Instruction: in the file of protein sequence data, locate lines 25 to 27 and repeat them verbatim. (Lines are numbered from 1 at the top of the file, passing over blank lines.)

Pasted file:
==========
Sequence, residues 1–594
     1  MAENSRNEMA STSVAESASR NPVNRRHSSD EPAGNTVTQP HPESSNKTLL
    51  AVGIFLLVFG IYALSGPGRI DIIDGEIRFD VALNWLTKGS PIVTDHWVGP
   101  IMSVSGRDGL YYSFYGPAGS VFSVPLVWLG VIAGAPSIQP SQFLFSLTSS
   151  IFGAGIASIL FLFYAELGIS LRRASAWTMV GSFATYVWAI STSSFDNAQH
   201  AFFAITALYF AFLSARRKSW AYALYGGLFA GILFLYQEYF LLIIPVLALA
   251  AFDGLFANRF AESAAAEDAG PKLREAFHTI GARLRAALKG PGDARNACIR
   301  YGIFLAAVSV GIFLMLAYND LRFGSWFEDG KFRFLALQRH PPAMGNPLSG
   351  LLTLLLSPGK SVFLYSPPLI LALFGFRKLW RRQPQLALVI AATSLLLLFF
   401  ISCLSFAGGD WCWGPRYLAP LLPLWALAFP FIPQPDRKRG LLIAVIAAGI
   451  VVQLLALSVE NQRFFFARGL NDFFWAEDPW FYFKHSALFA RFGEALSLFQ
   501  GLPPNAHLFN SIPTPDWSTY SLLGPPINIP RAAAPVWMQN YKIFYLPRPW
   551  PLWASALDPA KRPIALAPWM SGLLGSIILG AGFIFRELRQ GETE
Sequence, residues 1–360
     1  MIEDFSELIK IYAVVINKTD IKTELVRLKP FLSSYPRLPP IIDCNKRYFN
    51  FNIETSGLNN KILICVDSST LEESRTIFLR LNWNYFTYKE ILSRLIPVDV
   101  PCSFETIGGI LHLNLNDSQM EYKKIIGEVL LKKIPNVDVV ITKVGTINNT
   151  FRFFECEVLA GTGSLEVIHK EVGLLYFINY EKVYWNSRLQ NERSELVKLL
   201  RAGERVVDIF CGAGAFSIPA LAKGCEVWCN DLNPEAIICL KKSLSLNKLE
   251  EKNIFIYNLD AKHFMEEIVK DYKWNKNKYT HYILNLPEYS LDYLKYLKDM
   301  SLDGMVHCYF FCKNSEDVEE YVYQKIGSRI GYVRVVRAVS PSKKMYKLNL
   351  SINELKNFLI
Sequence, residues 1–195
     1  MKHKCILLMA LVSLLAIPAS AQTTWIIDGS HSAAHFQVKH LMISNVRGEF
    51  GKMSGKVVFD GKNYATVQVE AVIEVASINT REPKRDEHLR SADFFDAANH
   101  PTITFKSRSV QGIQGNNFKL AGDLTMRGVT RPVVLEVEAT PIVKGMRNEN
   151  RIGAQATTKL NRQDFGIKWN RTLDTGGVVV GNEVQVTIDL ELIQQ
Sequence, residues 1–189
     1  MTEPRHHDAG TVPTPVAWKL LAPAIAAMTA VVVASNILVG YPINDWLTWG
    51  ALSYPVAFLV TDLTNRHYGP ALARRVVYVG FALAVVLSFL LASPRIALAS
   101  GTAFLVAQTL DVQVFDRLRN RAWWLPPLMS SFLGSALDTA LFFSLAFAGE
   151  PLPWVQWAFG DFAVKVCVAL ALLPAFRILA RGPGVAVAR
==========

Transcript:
    51  GKMSGKVVFD GKNYATVQVE AVIEVASINT REPKRDEHLR SADFFDAANH
   101  PTITFKSRSV QGIQGNNFKL AGDLTMRGVT RPVVLEVEAT PIVKGMRNEN
   151  RIGAQATTKL NRQDFGIKWN RTLDTGGVVV GNEVQVTIDL ELIQQ